I have about 1/4 acre lot, with about 2/3rds of that as back yard. I usually have 3-5 hens free ranging from sun up to sun down and have never had any serious damage to the lawn or plants. It used to be posted that for any chance to maintain a lawn you needed 450 minimum sf per chicken.
    I'm in the Seattle area so I have some years a 12 month growing season, with plenty of rain.

    Imp- Welcome to BYC.
     
  5. nashvegas

    nashvegas New Egg

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    Feb 22, 2012
    Thanks very much, everyone. Should I be worried about hawks if I'm letting them roam all over the backyard during the day? We definitely have some in the area. If I do indeed need to worry about them, can anything be done? Or am I back to having to keep them in an enclosed run with some sort of mesh covering over it to keep the hawks away?
     
  6. Imp

    Imp All things share the same breath- Chief Seattle

    Hawks may be a problem. Any predator can be a problem during free ranging. For hawks make sure you provide cover. Shrubs, trees, shelters, someplace where they can quickly get under and out of sight.

    Imp
     
  7. Ridgerunner

    Ridgerunner Chicken Obsessed

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    Predators are hard to predict. My parents totally free ranged in the middle of not much, way out in the country. They would go years in between predator attacks, though when one found the chickens, it had to be dealt with. Where I am, I have a lot more problems. We've got lots of hawks here but they have not been the problem. I had some minor problems with a fox, but my major problems have been when people abandon dogs in the country.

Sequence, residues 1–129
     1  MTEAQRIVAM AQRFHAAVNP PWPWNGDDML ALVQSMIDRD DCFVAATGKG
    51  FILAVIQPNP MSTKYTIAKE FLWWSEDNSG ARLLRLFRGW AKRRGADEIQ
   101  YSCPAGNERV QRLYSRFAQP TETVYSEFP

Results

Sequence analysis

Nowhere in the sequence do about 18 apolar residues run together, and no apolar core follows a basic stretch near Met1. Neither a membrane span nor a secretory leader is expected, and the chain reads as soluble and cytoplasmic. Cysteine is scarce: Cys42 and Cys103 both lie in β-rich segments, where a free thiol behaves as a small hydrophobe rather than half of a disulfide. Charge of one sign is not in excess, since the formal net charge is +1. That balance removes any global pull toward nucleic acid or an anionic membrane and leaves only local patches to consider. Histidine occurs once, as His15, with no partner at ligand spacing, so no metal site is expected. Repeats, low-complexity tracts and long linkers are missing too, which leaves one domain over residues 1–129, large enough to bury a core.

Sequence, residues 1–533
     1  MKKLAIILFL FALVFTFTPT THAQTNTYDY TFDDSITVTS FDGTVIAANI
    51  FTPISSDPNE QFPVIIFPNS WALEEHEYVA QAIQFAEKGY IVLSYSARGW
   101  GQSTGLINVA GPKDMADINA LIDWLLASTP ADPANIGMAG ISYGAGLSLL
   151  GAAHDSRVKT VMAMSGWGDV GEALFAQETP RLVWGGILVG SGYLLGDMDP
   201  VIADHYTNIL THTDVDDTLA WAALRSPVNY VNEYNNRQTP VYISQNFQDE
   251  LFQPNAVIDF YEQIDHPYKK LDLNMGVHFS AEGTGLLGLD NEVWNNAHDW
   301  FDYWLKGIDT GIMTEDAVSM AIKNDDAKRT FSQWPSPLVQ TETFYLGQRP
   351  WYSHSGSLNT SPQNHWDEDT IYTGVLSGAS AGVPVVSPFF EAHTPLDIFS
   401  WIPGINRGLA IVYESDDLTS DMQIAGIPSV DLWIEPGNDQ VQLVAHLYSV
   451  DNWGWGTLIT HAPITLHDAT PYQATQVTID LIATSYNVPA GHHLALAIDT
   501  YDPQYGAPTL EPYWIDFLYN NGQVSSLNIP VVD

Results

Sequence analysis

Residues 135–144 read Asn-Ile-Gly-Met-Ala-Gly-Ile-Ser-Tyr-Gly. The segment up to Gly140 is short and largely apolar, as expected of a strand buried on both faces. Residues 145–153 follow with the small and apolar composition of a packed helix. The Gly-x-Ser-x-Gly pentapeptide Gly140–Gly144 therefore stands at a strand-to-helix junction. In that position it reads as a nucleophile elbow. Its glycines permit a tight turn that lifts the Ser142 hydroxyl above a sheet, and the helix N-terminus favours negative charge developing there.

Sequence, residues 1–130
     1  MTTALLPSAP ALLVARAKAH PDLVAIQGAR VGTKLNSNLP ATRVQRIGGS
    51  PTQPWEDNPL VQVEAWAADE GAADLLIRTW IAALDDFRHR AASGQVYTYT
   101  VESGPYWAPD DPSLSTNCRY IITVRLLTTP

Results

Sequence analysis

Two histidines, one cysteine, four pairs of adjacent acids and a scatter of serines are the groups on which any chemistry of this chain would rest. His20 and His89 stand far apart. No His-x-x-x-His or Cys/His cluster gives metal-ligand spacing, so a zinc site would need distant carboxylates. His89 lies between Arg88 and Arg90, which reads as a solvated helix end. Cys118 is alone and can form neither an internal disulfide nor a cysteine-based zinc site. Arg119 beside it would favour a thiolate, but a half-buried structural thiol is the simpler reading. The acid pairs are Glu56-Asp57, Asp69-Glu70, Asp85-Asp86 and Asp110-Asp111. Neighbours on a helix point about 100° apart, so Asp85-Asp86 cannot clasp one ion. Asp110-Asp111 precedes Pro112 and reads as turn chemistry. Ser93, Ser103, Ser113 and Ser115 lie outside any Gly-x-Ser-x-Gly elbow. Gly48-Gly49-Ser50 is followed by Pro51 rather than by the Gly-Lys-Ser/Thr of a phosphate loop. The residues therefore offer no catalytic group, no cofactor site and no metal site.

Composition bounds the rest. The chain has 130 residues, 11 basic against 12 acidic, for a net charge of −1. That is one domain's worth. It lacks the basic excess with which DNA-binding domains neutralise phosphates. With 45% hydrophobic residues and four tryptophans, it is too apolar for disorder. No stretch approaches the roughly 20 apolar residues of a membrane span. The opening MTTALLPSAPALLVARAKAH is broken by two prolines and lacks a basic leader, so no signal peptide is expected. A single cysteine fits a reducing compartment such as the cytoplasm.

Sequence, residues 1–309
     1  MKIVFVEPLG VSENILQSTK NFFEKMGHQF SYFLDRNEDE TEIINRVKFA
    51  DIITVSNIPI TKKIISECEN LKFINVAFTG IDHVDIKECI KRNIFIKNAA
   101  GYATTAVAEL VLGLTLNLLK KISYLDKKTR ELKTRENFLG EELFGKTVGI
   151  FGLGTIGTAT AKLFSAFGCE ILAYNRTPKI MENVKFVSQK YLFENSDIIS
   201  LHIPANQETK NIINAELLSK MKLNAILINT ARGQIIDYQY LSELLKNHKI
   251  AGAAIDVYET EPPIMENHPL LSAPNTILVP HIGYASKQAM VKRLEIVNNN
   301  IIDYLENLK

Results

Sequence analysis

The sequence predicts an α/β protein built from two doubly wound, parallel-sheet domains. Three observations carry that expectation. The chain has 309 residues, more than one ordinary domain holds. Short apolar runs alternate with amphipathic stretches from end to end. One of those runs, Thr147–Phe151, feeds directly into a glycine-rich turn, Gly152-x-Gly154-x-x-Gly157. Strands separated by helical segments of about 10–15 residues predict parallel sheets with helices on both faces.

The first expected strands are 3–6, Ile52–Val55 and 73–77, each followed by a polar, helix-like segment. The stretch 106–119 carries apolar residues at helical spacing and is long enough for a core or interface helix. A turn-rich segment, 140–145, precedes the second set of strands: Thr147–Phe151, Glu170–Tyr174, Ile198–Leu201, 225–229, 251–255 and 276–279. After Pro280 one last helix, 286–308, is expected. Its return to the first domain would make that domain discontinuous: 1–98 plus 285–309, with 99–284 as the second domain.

Don't get me wrong. Some people do have problems with hawks and other things. It is really hard to predict. I lock mine up at night in a very secure coop, since nighttime is when a lot of the predators roam, but there are risks during the day also. You are taking a chance with predators, but I can't tell you how big your risk actually is.
     
  8. kateseidel

    kateseidel Chillin' With My Peeps

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    When my hens were locked up they would devour any type of greenery I put in the run. Once I let them out to free-range, they became quite particular. My healthy green growth is aided by the fact that I give them at least two snacks a day, and they have free choice chicken feed. As a result, they turn their noses up at regular grass. So it may depend on how you handle them. They are much more deadly to the bugs than the growing stuff.

    I have larger hens (Buff Orpingtons), and there is probably not a hawk that could take off with one of them. I kept them locked up until they were a good size (to keep the cats from making a run at them). A bit worried since I am getting a smaller breed this year and may have a hawk issue. But I have lost 6 hens to a fox who came onto my property through the fence we thought was pretty secure. Looking at your property, foxes may be an issue. The fox problem disappeared once we started letting the dogs roam freely around the property.
     
  9. jamband

    jamband Chillin' With My Peeps

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    a paddock system offers soooo many benefits....Run them in the first one until it beat up a little and re-seed it with a good pasture mix. Add other food if you want to like fruit, berries, etc. The paddock setup manages manure, improves the pasture, manages parasites, equates to higher omega eggs, etc etc......fear not with some work you could feed the 6 hens with no extra feed. It will take time and work oh and black soldier flys....google that. good luck
     
  10. nashvegas

    nashvegas New Egg

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    Feb 22, 2012
    Thanks much, everyone. All very helpful!